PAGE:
Please ensure Javascript is enabled for purposes of website accessibility Meet the GODO Telescopes: Starstructure 32” Dobsonian - Lowell Observatory

Meet the GODO Telescopes: Starstructure 32” Dobsonian

Written in collaboration with Claire Gibson, Lowell Educator

Each of the Giovale Open Deck Observatory (GODO)’s six state-of-the-art telescopes were hand-selected to provide a breathtaking stargazing experience that is unrivaled by any other public observatory in the continental United States. In this blog series, we’ll be taking a deep dive into what makes each of the GODO telescopes the best of their kind.


The 32″ Starstructure Dobsonian Telescope is the largest telescope on Mars Hill (in terms of lens size, that is!), and it is used solely for public viewing. The Starstructure is a reflector, meaning that it uses two mirrors instead of glass lenses to move and focus light. The Dobsonian design offers the Newtonian reflector on a simplistic altazimuth mount that allows the user to push or pull the telescope in a horizontal or vertical motion to locate targets. This specific type of mount allows for greater access to viewing through large telescopes.

Both of the Starstructure’s mirrors are made of fused quartz, which has major advantages for clarity of the night sky. Quartz mirrors have a low thermal expansion, meaning that the mirror is less affected by heat expansion of cold contraction. Secondly, quartz mirrors cool off much more quickly than others after the sun sets, which means the mirrors don’t radiate as many heat waves, which can cause lens distortion. This telescope is excellent for viewing deep space objects such as galaxies and nebulas, which are difficult to view with smaller telescopes.

The telescope is operated using a NEXUS DSC (Digital Setting Circles) computer, which connects to the SkySafari Pro planetarium software and is the catalog/main control for the telescope. This is also how the telescope is aligned.

About the Manufacturer:

Lockwood Custom Optics

Founded in 1988, Lockwood Custom Optics (LCO) has extensive experience with making optics 24” and larger. All of their lenses are made using monolithic glass, with both of the dual lenses manufactured in-house to ensure that the entire optical system of the telescope meets company standards and works well together.

Lowell Educator Claire Gibson had the opportunity to ask LCO founder and CEO Mike Lockwood some questions about what inspired him to start manufacturing telescopes, what goes in to making one, and more! You can read their conversation below.

Talking Telescopes with Mike Lockwood

Claire: What are the advantages of using aluminum for the structure of the telescope?

Mike Lockwood: “All materials have their advantages and disadvantages. How we apply them to a given design is what will make one material have advantage over another. Starstructure is specific to amateur-built truss dobsonian telescopes, and aluminum has the advantage of offering superior structural qualities with less bulk and weight.”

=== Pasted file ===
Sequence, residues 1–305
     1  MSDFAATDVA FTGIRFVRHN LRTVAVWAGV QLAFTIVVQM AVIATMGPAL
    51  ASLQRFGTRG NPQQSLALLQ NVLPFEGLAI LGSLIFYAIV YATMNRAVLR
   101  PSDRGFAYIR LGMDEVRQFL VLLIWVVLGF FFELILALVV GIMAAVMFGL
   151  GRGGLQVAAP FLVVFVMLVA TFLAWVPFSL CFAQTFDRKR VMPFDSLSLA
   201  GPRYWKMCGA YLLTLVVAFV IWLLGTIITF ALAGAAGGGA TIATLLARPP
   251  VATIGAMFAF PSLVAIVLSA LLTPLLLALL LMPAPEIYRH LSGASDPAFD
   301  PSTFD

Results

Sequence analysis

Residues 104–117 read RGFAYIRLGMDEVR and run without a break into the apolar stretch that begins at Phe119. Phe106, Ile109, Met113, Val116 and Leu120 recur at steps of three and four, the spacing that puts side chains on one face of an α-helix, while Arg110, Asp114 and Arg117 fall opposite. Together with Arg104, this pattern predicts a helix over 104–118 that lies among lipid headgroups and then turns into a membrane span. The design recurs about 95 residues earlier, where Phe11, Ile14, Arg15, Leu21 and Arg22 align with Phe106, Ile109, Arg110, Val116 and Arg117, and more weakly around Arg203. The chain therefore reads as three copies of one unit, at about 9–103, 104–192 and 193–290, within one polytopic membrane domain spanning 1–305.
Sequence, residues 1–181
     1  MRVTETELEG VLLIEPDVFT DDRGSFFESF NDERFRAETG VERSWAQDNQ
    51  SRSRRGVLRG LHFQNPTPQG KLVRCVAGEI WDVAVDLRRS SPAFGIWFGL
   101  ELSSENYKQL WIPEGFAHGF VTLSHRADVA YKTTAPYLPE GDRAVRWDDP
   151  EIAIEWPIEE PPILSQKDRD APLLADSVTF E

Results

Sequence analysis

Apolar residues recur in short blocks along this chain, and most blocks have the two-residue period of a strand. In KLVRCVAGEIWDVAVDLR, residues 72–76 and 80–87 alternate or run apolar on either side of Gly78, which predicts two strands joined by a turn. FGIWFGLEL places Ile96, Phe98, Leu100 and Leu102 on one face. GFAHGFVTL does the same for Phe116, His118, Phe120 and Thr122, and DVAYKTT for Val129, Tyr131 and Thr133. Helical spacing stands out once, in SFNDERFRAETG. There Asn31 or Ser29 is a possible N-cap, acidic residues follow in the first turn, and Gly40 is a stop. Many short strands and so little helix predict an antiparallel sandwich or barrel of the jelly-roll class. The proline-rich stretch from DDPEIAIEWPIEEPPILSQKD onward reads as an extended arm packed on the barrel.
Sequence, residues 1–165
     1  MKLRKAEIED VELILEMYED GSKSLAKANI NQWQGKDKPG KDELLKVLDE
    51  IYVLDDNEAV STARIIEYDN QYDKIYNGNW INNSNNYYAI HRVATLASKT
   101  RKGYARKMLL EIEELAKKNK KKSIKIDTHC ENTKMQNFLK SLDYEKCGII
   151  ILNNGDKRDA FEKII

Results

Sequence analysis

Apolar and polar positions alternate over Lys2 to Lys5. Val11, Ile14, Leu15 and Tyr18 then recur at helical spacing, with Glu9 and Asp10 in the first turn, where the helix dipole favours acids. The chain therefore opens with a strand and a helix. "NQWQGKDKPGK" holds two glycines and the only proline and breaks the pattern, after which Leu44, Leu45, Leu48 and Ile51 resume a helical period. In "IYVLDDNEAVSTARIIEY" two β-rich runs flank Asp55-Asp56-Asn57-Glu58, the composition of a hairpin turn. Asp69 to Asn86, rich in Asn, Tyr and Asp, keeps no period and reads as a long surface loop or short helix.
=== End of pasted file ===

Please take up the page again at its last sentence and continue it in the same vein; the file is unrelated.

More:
C: How did the Starstructure company begin? Was there a certain drive or reason in 1998?

ML: “This story actually began in a grocery store while food shopping. I was passing through the magazine aisle, where I took notice of an astronomy magazine with a huge picture of Saturn on the cover. While flipping through the magazine I came to the classified section which had many cool telescopes for sale. I was amazed by the selection of telescopes available to the general public.”

Later that week, Mike found a Meade 4.5″ reflector on an equatorial mount at a garage sale. He brought it home and set it up that night. After fumbling and learning how to use the telescope, he set his sights on Jupiter and was blown away with the views of the bands on the surface!

From there, Mike delved even further into the world of backyard astronomy. He bought another telescope and went to his first star party, the Chiefland Astronomy Village in Chiefland, Florida. There, he encountered his first truss dobsonian, and it changed his life.

ML: “I’ve always been fascinated by space and space shows like Star Trek.  Seeing images of galaxies, nebulae, open clusters and planets through large telescopes, with my own eyes, simply opened the floodgates. After leaving the star party I was hooked and had to have one of these large reflectors.”

In 1998, Mike had created the first rendition of the telescopes he offers today. A few years later, after some more development, he began selling under the Starstructure name!

C: What makes Starstructure different from other telescope manufacturing companies?

ML: “Starstructure has continued to develop the truss telescope design, and have introduced newer technology to these types of telescopes such as ladder-less assembly systems and wireless remote control collimation.”

Mike Lockwood with the Starstructure’s primary mirror. Photo: loptics.com/projects
Mike Lockwood, founder of Lockwood Custom Optics. Photo Credit: loptics.com/info

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